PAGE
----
PETER HOMER Nothing beats sitting in front of a roaring fire '“ with glass in hand

What more pleasant sight could there be on a cold winter's evening than an open bottle of wine standing near a crackling log fire, gently absorbing a little of the warmth?

Thursday, 6th January 2011, 12:25 pm
Updated Thursday, 7th June 2018, 6:51 pm

For many years I’ve kept two fires going throughout the chilly months, and they are currently fuelled by some well-seasoned beech, split at the end of the garden, which burns with clear, bright flames.

Some red wines, notably pinot noir, are better slightly cool, but there are others whose flavours blossom when they have been open for an hour or two and reached room temperature.

One of these is St Julien 2008 (13 per cent, £17.95), from the four-year-old online wine merchants, who have just announced sales growth of 95 per cent on the previous 12 months.

This is a lovely, rich, dark red claret, a blend of 85 per cent cabernet sauvignon and 15 per cent merlot, and excellent value for money.

It follows the same outfit’s Margaux and Pauillac, which were lauded a while ago by a lot of people, including myself.

Interestingly, the wine writer Hugh Johnson once declared in a standard reference work that if Pauillac makes the most brilliant wine of the Medoc, and Margaux the most refined and exquisite, St Julien forms the transition between the two.’

It’s certainly a notably impressive bottle, and one reckoned to have ten years’ life ahead of it. Recommended. Minimum order from this firm is a case of a mixed dozen.

Another Bordeaux recently added to its portfolio is Ronan 2006 (13 per cent, £9.95), from Chateau Clinet, described as a ‘Pomerol in all but name’.

Another very dark ruby red wine, with soft, velvety tastes, and a deep, fruity, cedary aroma. Again, recommended.

Still looking at wines for the fireside, but in the case of the two below, also to be transferred to the table when the meal being served is red meat-orientated – anything from roasts to ragouts and steaks to sausages.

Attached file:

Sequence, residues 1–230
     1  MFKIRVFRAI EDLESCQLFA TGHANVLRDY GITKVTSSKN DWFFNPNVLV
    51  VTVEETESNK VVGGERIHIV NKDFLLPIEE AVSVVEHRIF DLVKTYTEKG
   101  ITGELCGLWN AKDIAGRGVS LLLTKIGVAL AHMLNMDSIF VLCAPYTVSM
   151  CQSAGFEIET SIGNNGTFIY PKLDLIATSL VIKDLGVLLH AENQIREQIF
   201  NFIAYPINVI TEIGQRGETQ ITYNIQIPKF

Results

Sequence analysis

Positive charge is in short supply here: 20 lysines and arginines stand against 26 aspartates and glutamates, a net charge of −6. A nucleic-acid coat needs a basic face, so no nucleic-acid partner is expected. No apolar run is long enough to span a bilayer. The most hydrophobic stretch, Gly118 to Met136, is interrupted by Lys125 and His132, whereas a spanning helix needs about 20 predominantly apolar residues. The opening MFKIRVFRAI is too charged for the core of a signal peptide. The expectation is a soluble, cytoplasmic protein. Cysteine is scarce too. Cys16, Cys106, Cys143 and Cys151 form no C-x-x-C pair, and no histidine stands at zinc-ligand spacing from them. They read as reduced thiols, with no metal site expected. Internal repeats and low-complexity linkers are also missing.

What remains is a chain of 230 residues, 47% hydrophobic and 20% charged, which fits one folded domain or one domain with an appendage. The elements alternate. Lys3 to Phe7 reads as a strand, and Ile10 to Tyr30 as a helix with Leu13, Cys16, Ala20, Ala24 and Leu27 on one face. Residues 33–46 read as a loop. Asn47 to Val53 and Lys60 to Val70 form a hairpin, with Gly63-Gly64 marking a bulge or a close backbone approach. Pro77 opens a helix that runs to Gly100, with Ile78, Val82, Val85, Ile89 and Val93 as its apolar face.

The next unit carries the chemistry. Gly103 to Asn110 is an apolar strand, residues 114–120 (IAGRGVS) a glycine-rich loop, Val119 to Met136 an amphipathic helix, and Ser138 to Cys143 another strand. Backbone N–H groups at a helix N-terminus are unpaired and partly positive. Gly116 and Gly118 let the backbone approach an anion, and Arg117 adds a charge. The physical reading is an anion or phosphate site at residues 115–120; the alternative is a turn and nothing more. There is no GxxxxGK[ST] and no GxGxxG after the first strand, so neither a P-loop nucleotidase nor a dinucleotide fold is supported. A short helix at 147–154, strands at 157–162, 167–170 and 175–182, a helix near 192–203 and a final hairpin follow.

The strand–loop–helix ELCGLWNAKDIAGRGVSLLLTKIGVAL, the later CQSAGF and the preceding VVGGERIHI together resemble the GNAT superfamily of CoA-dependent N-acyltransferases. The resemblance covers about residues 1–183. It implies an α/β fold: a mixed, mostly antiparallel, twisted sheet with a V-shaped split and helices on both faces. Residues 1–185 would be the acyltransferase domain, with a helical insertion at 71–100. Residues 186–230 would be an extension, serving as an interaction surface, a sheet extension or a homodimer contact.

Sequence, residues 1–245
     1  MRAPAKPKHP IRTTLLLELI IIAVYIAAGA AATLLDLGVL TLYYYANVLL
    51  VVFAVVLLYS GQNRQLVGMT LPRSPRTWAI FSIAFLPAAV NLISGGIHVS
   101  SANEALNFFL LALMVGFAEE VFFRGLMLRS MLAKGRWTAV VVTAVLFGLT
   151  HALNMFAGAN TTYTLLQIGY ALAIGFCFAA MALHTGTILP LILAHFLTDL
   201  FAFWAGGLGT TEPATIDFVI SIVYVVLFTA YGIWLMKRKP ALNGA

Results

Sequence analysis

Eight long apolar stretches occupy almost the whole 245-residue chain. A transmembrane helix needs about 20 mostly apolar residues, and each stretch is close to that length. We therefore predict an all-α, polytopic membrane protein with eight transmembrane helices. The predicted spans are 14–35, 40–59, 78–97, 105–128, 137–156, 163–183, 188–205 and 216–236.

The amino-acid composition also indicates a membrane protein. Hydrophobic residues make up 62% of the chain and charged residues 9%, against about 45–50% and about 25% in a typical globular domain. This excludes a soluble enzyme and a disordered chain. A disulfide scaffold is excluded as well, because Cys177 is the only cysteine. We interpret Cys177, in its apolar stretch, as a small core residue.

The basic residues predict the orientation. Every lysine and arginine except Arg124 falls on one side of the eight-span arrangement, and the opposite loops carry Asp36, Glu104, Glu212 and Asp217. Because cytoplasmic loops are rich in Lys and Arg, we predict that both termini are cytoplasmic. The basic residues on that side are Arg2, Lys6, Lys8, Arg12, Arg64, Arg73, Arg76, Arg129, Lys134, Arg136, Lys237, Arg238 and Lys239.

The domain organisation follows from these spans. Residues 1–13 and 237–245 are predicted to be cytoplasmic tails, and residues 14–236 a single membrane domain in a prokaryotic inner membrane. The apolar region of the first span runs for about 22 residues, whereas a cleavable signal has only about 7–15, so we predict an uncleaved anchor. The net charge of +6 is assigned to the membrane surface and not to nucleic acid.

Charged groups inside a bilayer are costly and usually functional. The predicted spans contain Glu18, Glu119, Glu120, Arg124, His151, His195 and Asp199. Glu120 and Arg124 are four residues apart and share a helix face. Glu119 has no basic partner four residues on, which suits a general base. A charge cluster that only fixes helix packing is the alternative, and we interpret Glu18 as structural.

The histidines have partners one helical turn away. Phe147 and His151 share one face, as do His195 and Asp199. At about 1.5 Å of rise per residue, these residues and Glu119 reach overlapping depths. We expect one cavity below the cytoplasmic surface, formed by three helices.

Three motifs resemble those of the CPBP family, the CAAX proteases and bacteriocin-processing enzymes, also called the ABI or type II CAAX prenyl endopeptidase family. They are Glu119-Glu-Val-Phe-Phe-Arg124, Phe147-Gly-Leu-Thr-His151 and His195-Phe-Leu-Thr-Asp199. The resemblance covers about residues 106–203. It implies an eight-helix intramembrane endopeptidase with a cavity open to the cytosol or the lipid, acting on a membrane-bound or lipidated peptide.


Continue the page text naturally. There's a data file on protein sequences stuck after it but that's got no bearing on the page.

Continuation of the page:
Both are from a leading Chilean producer, and both feature the carmenere grape variety.

Errazuriz Carmenere Single Vineyard 2008 (14.5 per cent, £14.99, Hailsham Cellars, Real Wine Co and is laden with black fruit, complemented by hints of vanilla, from a year of oak ageing, and dark chocolate.

A very smooth texture, an d blackberries and cloves in the aroma.

Errazuriz Carmenere Estate 2009 (13.5 per cent, £7.99, Majestic, Wine Rack and has both red and black fruit flies, with touches of spice, coffee, chocolate and caramel.

A deep, almost impenetrable, red in colour, the wine is soft and easy drinking.

This is 100 per cent carmenere, while the single-state wine has six per cent syrah and five per cent sauvignon included.

Both wines are from the Errazuriz vineyards in Chile’s Aconcagua Valley, which has a Mediterranean climate and general absence of the diseases which plague vineyards in some countries.

Finally, to Spain for the fifth of the fireside wines – although again one for meat dishes as well as sipping on its own.

Cune Rioja Reserva 2006 (13.5 per cent, £13.99, Majestic) is a full-blooded red, made from the classic Spanish tempranillo grape.

Fulsome oaky blackcurrant is the order of the day. Reservas are required to have undergone bottle and oak ageing of three years, at least one of them in barrels, adding to the complexity and that distinctive Rioja hallmark of oak.